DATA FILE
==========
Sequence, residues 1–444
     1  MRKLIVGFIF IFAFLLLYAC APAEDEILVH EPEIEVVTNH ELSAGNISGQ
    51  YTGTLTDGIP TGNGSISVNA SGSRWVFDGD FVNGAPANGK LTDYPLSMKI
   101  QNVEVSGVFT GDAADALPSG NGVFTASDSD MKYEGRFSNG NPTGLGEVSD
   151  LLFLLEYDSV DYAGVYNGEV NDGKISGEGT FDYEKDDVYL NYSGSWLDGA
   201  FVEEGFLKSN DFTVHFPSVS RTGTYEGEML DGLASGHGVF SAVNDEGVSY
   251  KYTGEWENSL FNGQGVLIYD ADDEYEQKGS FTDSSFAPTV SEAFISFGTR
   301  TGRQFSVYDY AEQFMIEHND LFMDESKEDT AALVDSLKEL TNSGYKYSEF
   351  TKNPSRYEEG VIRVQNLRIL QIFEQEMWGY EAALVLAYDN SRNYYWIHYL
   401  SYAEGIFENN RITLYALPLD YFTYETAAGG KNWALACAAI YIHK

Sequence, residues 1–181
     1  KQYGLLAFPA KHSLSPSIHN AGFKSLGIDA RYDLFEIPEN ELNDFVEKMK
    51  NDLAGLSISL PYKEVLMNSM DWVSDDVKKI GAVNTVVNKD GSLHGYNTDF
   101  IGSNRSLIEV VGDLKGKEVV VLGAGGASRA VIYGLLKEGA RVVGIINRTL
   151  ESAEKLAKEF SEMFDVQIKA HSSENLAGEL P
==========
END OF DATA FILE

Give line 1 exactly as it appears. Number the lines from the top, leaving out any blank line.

Sequence, residues 1–444